5 Tips to Help Kids Eat their Vegetables
Today is National Eat Your Vegetables Day. While it may not be a holiday that most kids look forward to, it gives parents the perfect opportunity to re-commit to working a healthy portion of vegetables into their little ones’ diets.
Here are some dietary recommendations from the CDC for how many servings are needed depending on age and activity level. Real Mom Nutrition has put together a nice visual guide for serving sizes and ideas.
To help you meet the daily guidelines, we’ve rounded up some tricks that can help even picky eaters to eat their veggies:
Butter Them: Kids are naturally sensitive to bitter tastes. A little butter can help mask the bitter taste and enhance the flavor of vegetables like broccoli, spinach, sweet potatoes and green beans. The fat in butter also aids little bodies in absorbing vitamins from the vegetables.
Dip Them: Studies have found that kids are more likely to eat their veggies if they are served with dip. Although some store-bought options aren’t the healthiest, you can find easy recipes for healthy homemade options online. Try making your own ranch dressing and ketchup.
Drink Them: Sneakz chocolate, vanilla and strawberry milks contain a nutrient-rich mix of five vegetables — carrot, cauliflower, sweet potato, spinach and beets. Kids love the taste, while parents can feel better knowing that Sneakz provides essential nutrients. Every shake of yummy goodness provides 1g of fiber, 5g of protein, and vitamins from whole food sources – including 40% DV of vitamin A, 20% DV of calcium and 6% DV of iron. Made with USDA Organic ingredients, Sneakz contains no GMOs, gluten, carrageenan, antibiotics or synthetic hormones, and no artificial flavors, colors or sweeteners.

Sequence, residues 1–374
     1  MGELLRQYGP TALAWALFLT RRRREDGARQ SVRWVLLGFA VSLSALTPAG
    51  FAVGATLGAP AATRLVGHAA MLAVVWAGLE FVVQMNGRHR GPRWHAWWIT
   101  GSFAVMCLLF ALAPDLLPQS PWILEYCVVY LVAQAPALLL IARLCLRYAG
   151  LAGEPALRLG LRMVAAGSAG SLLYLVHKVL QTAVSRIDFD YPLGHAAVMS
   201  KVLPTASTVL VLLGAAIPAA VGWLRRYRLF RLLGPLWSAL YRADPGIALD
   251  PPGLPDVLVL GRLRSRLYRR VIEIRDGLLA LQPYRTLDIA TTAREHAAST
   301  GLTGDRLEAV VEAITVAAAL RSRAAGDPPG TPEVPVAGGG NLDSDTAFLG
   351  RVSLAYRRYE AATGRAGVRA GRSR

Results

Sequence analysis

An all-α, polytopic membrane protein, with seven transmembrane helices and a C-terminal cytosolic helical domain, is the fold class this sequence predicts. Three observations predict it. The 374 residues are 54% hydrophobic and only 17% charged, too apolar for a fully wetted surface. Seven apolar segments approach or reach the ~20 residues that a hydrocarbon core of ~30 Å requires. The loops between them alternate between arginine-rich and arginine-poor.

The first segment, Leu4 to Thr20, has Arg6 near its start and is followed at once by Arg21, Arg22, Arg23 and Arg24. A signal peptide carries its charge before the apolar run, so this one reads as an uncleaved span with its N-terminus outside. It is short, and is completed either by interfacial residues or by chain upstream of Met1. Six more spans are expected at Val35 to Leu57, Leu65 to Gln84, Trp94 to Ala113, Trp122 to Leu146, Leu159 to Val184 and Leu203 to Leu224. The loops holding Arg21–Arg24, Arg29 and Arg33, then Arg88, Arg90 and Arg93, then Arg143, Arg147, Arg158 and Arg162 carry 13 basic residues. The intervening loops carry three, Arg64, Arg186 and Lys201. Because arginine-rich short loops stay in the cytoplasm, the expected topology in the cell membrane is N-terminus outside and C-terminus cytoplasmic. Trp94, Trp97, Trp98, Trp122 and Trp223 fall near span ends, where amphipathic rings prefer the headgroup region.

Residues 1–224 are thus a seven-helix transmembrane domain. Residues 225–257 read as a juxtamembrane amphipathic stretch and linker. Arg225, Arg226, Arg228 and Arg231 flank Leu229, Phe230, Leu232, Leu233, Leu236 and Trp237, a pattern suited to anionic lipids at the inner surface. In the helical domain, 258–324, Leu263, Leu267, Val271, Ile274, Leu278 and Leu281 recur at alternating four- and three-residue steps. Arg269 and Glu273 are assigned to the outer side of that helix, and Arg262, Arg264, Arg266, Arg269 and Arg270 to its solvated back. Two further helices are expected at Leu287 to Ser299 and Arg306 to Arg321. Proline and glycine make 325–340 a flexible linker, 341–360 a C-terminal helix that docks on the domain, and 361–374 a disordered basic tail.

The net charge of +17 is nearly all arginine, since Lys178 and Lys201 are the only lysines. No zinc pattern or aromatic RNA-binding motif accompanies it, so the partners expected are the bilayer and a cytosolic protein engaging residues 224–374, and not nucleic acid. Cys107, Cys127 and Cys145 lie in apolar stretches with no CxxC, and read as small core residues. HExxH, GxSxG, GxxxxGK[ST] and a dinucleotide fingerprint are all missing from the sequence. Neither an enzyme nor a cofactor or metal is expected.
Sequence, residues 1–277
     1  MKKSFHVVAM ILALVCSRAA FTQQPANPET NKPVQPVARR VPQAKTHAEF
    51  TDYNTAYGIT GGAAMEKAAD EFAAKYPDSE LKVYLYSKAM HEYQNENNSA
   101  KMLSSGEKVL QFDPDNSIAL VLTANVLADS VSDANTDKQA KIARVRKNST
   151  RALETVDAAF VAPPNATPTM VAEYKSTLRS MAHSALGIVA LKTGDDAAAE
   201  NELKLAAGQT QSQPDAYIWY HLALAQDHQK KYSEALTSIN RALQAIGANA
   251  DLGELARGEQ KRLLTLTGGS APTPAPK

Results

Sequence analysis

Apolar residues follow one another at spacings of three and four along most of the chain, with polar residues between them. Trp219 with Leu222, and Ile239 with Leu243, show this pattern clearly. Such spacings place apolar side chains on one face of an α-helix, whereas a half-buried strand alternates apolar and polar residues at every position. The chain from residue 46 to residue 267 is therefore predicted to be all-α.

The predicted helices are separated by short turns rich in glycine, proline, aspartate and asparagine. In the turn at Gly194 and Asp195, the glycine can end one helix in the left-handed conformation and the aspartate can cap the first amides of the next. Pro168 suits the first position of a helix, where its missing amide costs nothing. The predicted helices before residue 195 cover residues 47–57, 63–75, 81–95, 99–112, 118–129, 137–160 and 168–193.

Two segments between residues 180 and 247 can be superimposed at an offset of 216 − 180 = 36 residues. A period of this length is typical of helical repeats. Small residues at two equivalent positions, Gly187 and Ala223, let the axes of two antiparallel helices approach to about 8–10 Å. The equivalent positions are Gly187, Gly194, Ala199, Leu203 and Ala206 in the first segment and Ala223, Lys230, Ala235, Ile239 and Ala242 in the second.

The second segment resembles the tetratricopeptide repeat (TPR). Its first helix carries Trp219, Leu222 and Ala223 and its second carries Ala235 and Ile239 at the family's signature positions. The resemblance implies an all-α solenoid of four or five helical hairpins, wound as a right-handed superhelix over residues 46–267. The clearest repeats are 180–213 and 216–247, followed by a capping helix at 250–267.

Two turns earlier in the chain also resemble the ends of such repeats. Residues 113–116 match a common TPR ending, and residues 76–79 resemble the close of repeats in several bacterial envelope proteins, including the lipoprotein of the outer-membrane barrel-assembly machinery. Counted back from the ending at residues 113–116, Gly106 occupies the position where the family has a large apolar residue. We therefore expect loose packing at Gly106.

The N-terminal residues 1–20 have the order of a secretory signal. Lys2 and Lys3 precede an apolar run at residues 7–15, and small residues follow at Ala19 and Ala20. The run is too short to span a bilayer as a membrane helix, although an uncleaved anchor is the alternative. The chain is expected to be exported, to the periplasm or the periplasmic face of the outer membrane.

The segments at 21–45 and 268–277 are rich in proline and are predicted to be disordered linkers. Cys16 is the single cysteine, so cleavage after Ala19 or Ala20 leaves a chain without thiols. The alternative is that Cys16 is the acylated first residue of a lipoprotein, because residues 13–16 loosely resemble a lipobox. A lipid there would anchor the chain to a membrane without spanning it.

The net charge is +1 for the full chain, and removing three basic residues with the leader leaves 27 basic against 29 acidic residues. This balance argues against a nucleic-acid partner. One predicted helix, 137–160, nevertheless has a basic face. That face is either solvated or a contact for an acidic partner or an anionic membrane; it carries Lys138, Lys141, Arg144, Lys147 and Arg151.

Pick Them: One way to get kids interested in vegetables is to give them some control over what goes on their plate. Let them pick a new vegetable to try when grocery shopping or make a trip to a U-pick farm to learn about where their food comes from. You could also try planting your own garden at home. The more involved kids are in picking and preparing vegetables, the more positive associations they will have with them and the more likely they will be to eat them.
Don’t Give Up on Them: It may take 10 or more exposures to a food before children feel comfortable trying and accepting it. So, if at first you don’t succeed, try, try again. Keep offering the vegetable at different meals and in different ways without putting too much pressure on the kids to taste it or like it. Set a positive example by eating your veggies yourself, and you may just find that your kids will begin following your lead.
Sneakz on You and Me this Morning
Beth Engelman and her son Jackson share fun ways for kids to get on the veggie train.